Young Americans (1975)
Here's the good news: this is where you'll find the #1 hit "Fame," a surprising, mannered collaboration with John Lennon. In truth, it's one of the funkiest things Bowie's ever recorded. But the rest is a bummer. Still obsessed with supposed "soul" music, Bowie goes with the same unimaginative blend of R & B and light jazz on track after track: danceable, but low-key instrumental backing; super-smooth R & B backup vocals; and endless quantities of David Sanborn's slick-as-vaseline saxophone dribblings. Only the energetic, but slightly silly title track really does anything with all of this. Otherwise there's a forgettable orchestrated ballad ("Can You Hear Me"), and Lennon also appears on a sloppy, incongruous cover of his "Across The Universe." The three bonus tracks are more of the same, including the long, boring A-side "John, I'm Only Dancing Again." So unless you're big on Sanborn, you might not want to blow money on this just to hear the two big hits. Luther Vandross is among the backup singers and gets a co-write ("Fascination"); the rhythm section is Willie Weeks and Andy Newmark, whom Bowie apparently met while helping the Stones cut "It's Only Rock 'N' Roll." Carlos Alomar (rhythm guitar) makes his first appearance of many here, and ex-Spider Mike Garson (piano) his last for nearly two decades. (JA)

Station To Station (1976)
Wow, this is really good. Much of it was intended as the soundtrack to The Man Who Fell To Earth, but the music wasn't actually used. It was the first record to feature Bowie's late-70s, Carlos Alomar-dominated band, and his last gold record for a while. Practically every song got airplay - the proto-industrial "TVC15," the romantic, irresistable disco number "Stay," the lengthy "return of the Thin White Duke" title track, and the Top Ten hit "Golden Years." Alomar and Slick smoke, the rhythm section is mega-funky, the chord progressions are mind-boggling, and Bowie affects a cool, slightly dissonant vocal style that grabs your attention. With only a half-dozen numbers and most of them plodding on past five minutes, some of it drags (the semi-acoustic ballad "Wild Is The Wind"); but the high points make it a must-have for Bowie fans. The bonus tracks are contemporaneous live versions of "Stay," with just-filling-in-for-the-tour lead guitarist Stacey Heydon funking explosively, and "Word On A Wing." (JA)

Low (1977)
The first of three records that Bowie cut in Berlin while working closely with electronic music maven Brian Eno. All of them are important because they foreshadow the New Wave sound that arrived soon afterwards: spacey synth textures, disco-influenced rhythm parts more or less in the last record's style, and a generally more minimalistic approach that vaguely hints at punk ("Always Crashing In The Same Car"; "Speed Of Life"). All of this is easiest to hear on the concise, high-strung, and thin-sounding pop songs that fill side 1 ("Breaking Glass"; "Be My Wife"). They're not classics, but they're innovative and entertaining. Still, though, the closest thing to a hit isn't very substantial ("Sound And Vision," a dollop of synth-funk leavened with Far East flavorings), and lead guitarist Ricky Gardener doesn't get to do much except on the bouncy "What In The World." Worse, on side 2 Bowie and Eno run wild with a series of sci-fi movie soundtrack-style instrumentals that ooze hi-tech decadence. At first listen I thought they were formless and sluggish, but despite their maximal avant garde quotient they're actually cleverly composed, precisely executed, and creepily operatic ("Warszawa/Art Decade/Weeping Wall/Subterraneans"). The record is one of Bowie's most daring experimental efforts, but it's not for everyone - his American fans, at least, were not amused, and Bowie's US record sales plummeted until Let's Dance. The CD bonus tracks are two more experimental instrumentals and a remix of "Sound And Vision." (JA)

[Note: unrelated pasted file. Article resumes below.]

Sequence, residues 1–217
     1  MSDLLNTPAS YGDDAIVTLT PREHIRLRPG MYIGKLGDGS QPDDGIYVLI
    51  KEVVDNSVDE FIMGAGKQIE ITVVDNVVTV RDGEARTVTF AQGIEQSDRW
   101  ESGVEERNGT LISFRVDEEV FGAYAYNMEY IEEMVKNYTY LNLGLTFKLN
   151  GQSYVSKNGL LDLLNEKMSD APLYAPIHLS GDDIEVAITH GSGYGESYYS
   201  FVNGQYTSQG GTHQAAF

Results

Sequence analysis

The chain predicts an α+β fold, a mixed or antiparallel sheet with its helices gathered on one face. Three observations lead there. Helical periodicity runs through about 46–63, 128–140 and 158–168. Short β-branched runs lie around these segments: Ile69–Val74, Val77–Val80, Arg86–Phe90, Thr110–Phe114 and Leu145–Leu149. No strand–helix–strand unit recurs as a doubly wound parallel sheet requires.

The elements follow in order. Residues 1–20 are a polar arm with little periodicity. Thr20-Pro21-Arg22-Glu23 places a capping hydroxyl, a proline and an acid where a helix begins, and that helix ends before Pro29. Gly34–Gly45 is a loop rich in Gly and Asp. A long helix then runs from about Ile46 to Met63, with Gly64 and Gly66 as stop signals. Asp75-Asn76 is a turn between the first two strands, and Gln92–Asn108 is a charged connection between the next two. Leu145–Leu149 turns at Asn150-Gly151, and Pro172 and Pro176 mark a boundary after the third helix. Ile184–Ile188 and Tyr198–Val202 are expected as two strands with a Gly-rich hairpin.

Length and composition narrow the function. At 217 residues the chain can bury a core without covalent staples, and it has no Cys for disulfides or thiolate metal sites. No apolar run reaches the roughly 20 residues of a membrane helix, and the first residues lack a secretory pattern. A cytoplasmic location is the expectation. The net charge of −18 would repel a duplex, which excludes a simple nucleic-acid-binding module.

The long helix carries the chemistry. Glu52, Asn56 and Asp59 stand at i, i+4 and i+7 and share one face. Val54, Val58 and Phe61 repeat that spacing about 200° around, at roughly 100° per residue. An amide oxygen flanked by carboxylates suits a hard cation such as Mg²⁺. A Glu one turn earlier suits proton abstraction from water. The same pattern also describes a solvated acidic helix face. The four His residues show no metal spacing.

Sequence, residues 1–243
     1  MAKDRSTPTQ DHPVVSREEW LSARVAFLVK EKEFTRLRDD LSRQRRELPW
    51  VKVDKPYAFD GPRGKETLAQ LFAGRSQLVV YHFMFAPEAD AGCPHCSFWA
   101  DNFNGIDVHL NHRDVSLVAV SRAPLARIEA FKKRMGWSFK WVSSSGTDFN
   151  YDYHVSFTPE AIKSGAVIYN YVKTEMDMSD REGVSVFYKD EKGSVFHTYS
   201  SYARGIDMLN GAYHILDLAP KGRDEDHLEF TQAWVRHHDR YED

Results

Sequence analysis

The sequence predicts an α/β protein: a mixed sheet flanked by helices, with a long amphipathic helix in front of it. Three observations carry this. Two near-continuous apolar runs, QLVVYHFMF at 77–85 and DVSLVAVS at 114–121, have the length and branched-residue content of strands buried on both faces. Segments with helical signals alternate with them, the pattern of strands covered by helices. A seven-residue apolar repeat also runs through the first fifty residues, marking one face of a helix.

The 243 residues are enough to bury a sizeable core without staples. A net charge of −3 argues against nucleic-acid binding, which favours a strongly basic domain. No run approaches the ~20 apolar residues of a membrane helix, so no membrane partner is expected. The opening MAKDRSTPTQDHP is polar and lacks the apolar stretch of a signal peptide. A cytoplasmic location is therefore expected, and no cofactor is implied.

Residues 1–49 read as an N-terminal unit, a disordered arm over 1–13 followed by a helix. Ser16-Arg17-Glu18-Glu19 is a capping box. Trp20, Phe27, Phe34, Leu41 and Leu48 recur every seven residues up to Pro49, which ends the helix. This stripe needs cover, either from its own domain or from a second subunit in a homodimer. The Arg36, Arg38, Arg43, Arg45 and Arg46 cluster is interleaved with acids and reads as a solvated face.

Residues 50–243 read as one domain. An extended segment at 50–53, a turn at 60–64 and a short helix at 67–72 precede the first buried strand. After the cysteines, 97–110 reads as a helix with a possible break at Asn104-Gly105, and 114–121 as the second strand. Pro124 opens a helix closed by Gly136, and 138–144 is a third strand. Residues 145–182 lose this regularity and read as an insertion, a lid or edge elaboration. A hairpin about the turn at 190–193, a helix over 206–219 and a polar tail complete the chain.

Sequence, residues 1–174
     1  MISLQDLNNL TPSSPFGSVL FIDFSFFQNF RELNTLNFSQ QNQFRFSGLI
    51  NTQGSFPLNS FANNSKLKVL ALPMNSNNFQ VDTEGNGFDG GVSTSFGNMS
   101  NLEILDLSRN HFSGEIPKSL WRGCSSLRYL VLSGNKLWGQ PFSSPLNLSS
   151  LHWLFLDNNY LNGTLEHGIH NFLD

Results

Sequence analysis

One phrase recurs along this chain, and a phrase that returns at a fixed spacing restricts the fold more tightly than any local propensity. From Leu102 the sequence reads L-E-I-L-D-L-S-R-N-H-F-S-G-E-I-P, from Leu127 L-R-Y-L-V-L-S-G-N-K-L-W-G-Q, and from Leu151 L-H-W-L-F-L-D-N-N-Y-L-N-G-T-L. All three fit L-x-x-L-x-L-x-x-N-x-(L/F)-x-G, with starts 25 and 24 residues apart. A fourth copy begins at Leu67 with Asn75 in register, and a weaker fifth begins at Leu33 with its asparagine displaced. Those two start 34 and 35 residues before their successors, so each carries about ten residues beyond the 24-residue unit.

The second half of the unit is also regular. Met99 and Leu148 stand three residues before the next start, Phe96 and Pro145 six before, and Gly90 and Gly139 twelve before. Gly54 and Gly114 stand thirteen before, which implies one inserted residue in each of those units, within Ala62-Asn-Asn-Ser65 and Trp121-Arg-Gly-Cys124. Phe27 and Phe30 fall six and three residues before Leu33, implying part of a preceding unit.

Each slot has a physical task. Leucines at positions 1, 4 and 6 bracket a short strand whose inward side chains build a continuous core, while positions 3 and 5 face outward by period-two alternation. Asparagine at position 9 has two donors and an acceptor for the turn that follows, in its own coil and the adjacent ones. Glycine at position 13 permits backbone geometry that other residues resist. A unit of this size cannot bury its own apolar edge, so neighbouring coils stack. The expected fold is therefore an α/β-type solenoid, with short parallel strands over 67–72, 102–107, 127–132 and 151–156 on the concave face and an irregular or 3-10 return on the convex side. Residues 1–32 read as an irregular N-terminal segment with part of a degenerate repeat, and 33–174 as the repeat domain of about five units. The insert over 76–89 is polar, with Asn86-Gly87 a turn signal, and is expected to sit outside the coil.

Heroes (1977)
If anyone wanted to argue that this was Bowie's best period, they could build a good case around side 1 of Heroes. Take one cup Bowie, add rubbery disco bass, electrify with brilliant Robert Fripp guitar parts, sprinkle lightly with Briano Eno sound effects, serve with occasional sax, piano, cheesy backup vocals, or whatever you find in the cupboard, and you've got the ingredients for a clever and entertaining record. Fripp's usual virtuoso mania is relatively minimal here, but it's enough to take the sugariness out of Bowie's usual pop pretensions - the longish hit title track and "Joe The Lion" are great examples. The only problem is that Bowie and Eno once again commit most of side 2 to a wordless, meandering, experimental sound collage/atonal jam. As on the last record, it's daring; but this time there just isn't as much musical substance. So when the pop song album closer "Secret Life Of Arabia" comes on, you feel like you're getting a surprise dessert after suffering through a long, bland, overcooked main course. This was Fripp's first appearance as a Bowie sideman; it's ironic given his lofty status as King Crimson guitar genius, but unsurprising given his close association with Eno throughout the late 70s. (JA)

Stage (1977)
This is a live double album recorded during the Heroes tour. It features Adrian Belew on guitar and includes a bunch of relatively recent tunes like "Fame," "TVC15," and "Beauty And The Beast." There aren't too many oldies, "Ziggy Stardust" being the most notable. I finally found a copy and I'm not terribly impressed with it; the material isn't very strong, the band's playing is pretty much rote, Belew isn't a major factor, and Bowie oddly decides to have them recreate the entire instrumental medley from Low, which doesn't leave much for him to do. On the other hand, it's a far better listen than David Live. (JA)